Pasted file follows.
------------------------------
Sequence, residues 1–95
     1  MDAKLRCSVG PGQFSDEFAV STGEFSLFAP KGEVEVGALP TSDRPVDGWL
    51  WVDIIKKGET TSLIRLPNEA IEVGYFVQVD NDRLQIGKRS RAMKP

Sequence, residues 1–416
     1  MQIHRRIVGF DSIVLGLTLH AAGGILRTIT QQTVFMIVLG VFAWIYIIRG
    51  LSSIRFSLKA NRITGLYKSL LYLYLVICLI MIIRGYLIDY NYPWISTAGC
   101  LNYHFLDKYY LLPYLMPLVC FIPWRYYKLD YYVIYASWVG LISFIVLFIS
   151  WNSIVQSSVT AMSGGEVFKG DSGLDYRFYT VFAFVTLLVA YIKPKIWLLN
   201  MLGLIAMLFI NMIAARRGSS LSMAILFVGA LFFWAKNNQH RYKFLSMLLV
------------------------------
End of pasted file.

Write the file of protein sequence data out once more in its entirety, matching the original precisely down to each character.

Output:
Sequence, residues 1–95
     1  MDAKLRCSVG PGQFSDEFAV STGEFSLFAP KGEVEVGALP TSDRPVDGWL
    51  WVDIIKKGET TSLIRLPNEA IEVGYFVQVD NDRLQIGKRS RAMKP

Sequence, residues 1–416
     1  MQIHRRIVGF DSIVLGLTLH AAGGILRTIT QQTVFMIVLG VFAWIYIIRG
    51  LSSIRFSLKA NRITGLYKSL LYLYLVICLI MIIRGYLIDY NYPWISTAGC
   101  LNYHFLDKYY LLPYLMPLVC FIPWRYYKLD YYVIYASWVG LISFIVLFIS
   151  WNSIVQSSVT AMSGGEVFKG DSGLDYRFYT VFAFVTLLVA YIKPKIWLLN
   201  MLGLIAMLFI NMIAARRGSS LSMAILFVGA LFFWAKNNQH RYKFLSMLLV